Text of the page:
Hillary Clinton Flees The US As Email Investigation Reopened
Hillary boards plane destined for Cananda
Just one day after a federal judge ordered the reopening the Hillary Clinton email investigation, she was spotted to boarding a plane and fleeing the US for Canada.
Hillary and Bill Clinton are allegedly paying a visit to the country with daughter Chelsea and two grandchildren, they will be staying in an estate known as Manoir Hovey in Quebec.
US District Court Judge Amit Mehta ruled that State Department had failed to track down messages the Clintons may have sent about the U.S. diplomatic compound on Sept. 11, 2012- an attack that killed four Americans which included the U.S. ambassador to Libya.
According to Politico: In response to Freedom of Information Act requests, State searched the roughly 30,000 messages Clinton turned over to her former agency at its request in December 2014 after officials searching for Benghazi-related records realized she had used a personal email account during her four-year tenure as secretary.
State later searched tens of thousands of emails handed over to the agency by three former top aides to Clinton: Huma Abedin, Cheryl Mills and Jake Sullivan. Finally, State searched a collection of emails the FBI assembled when it was investigating Clinton’s use of the private account and server.
In all, State found 348 Benghazi-related messages or documents that were sent to or from Clinton in a period of nearly five months after the attack.
However, the conservative watchdog group Judicial Watch argued that the search wasn’t good enough because State never tried to search its own systems for relevant messages in the official email accounts of Clinton’s top aides.
In a 10-page ruling issued Tuesday, Mehta — an Obama appointee — agreed.
“To date, State has searched only data compilations originating from outside sources — Secretary Clinton, her former aides, and the FBI. … It has not, however, searched 8 the one records system over which it has always had control and that is almost certain to contain some responsive records: the state.gov e-mail server,” Mehta wrote.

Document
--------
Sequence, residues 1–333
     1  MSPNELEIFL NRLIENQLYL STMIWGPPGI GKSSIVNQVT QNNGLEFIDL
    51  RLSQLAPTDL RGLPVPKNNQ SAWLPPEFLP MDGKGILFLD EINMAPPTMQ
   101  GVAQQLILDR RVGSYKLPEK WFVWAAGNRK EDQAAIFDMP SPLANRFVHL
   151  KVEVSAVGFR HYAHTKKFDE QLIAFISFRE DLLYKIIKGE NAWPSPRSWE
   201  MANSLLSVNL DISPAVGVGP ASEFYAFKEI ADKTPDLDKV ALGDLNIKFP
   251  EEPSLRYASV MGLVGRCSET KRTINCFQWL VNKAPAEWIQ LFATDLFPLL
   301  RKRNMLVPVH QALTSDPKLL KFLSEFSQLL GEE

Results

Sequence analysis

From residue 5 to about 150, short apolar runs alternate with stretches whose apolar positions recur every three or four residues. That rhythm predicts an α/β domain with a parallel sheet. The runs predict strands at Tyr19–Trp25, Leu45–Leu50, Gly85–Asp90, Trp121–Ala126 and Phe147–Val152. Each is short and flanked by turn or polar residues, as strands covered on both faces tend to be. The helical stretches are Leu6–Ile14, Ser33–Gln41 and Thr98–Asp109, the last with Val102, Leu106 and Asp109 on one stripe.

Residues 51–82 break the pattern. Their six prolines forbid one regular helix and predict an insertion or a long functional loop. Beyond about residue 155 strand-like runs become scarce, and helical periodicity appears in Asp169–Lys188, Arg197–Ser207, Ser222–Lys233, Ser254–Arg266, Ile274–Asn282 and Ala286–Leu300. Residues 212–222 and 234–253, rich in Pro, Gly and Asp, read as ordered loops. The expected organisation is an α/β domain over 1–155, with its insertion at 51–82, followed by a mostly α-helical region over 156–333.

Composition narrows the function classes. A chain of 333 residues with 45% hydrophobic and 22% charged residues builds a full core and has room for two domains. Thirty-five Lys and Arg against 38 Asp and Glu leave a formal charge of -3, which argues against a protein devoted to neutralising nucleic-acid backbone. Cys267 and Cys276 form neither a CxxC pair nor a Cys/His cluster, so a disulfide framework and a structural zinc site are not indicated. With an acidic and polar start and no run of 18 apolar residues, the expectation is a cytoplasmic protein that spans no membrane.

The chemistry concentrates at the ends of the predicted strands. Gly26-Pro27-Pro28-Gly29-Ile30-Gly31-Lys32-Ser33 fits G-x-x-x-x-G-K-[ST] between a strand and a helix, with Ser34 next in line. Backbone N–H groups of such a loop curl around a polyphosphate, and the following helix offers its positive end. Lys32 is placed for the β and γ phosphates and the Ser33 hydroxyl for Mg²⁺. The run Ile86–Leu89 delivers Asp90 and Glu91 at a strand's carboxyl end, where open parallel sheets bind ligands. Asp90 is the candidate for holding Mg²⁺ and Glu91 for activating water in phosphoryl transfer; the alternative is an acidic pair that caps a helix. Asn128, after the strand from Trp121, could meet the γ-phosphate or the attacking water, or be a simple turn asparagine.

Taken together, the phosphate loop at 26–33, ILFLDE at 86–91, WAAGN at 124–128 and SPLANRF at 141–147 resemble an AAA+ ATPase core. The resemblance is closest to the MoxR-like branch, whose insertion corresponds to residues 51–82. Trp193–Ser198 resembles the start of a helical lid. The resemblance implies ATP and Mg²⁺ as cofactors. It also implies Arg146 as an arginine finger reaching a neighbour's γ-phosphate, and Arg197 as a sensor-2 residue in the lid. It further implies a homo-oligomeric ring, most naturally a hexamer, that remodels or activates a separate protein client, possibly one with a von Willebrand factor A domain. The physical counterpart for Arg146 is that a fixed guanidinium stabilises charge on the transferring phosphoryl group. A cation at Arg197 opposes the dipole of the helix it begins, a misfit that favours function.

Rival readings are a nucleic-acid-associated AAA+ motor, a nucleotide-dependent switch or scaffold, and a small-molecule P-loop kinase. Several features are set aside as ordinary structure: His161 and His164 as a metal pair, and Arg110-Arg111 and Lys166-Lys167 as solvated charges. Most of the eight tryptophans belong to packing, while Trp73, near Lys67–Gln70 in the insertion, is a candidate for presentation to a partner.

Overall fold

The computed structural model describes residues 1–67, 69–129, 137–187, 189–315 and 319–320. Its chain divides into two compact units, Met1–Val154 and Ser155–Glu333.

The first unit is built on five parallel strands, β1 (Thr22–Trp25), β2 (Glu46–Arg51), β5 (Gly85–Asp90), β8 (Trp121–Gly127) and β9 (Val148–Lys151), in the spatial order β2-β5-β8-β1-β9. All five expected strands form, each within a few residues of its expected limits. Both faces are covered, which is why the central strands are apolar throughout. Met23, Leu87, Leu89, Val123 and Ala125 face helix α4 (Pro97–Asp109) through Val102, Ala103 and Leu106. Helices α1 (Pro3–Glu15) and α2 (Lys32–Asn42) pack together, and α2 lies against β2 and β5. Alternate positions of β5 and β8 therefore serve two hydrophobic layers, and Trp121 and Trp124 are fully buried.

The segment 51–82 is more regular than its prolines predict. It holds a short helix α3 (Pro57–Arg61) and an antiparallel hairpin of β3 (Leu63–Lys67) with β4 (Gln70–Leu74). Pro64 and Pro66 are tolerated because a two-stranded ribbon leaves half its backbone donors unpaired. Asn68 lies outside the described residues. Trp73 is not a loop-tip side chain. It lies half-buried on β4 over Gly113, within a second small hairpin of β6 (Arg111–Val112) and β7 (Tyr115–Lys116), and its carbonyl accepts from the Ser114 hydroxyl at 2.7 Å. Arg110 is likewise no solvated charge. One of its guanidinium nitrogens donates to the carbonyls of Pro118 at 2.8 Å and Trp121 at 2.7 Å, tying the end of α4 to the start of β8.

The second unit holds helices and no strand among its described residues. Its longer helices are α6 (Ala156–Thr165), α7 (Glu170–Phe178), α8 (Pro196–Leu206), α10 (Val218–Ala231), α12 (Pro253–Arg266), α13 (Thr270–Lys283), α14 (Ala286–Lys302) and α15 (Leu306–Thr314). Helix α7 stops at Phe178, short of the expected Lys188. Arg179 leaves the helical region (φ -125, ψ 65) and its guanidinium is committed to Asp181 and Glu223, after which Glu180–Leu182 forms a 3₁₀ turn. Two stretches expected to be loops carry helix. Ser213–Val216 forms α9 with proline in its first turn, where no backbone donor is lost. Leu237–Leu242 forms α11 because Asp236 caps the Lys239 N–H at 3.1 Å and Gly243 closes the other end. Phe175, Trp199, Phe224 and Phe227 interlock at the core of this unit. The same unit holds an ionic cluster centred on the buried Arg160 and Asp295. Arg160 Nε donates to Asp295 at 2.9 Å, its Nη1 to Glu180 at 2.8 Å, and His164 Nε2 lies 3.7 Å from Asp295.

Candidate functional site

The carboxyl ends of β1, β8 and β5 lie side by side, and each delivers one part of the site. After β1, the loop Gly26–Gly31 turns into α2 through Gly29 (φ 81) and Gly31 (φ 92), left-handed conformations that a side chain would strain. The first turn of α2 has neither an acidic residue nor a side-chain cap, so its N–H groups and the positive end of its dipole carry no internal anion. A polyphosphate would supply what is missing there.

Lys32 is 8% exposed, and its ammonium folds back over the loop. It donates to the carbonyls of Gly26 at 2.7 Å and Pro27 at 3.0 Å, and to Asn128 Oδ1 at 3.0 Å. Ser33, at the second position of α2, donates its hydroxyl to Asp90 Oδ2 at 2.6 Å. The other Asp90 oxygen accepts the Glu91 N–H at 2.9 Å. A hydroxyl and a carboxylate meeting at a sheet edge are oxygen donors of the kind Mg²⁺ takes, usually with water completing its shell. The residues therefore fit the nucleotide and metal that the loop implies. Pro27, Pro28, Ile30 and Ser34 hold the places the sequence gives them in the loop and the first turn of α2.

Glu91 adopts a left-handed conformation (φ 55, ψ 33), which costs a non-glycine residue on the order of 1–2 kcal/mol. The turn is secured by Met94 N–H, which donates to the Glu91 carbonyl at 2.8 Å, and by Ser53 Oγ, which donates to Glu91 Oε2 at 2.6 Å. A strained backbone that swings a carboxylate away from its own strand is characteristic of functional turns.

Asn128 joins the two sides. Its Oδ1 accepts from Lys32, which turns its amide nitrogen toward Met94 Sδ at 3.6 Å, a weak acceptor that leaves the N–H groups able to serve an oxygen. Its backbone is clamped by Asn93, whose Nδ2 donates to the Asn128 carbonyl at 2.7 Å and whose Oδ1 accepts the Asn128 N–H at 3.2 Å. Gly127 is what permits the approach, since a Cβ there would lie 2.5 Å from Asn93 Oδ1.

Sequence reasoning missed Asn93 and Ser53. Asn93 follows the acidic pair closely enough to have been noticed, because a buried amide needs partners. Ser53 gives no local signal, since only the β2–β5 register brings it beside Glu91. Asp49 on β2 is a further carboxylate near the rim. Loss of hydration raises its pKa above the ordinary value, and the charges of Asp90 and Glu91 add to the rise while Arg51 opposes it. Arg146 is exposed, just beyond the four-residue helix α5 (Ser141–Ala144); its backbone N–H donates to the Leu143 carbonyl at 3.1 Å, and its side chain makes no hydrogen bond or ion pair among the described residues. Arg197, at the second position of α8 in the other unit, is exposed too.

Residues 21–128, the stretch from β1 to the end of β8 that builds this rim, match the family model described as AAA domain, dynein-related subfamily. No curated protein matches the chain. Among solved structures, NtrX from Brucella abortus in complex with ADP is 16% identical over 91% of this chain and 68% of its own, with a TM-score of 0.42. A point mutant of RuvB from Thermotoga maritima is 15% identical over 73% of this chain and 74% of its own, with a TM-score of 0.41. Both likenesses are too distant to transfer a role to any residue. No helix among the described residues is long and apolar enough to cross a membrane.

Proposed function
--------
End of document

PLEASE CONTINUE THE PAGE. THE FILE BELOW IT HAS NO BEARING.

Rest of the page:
“If Secretary Clinton sent an e-mail about Benghazi to Abedin, Mills, or Sullivan at his or her state.gov e-mail address, or if one of them sent an e-mail to Secretary Clinton using his or her state.gov account, then State’s server presumably would have captured and stored such an e-mail. Therefore, State has an obligation to search its own server for responsive records.”
Justice Department lawyers representing State argued that making them search other employees’ accounts for Clinton’s emails would set a bad precedent that would belabor other FOIA searches.
But Mehta said the circumstances surrounding Clinton’s email represented “a specific fact pattern unlikely to arise in the future.”
A central premise of Mehta’s ruling is that the State Department’s servers archived emails from Clinton’s top aides. However, it’s not clear that happened regularly or reliably.
State Department officials have said there was no routine, automated archiving of official email during Clinton’s tenure. Some officials did copy their mailboxes from time to time and put archived message folders on desktop computers or servers, so State may still have some messages from the aides, but the FBI may already have acquired some of those messages during its inquiry.
A State Department spokesperson declined to comment on the judge’s decision. A Justice Department spokesman said: “We are reviewing the judge’s opinion and order.”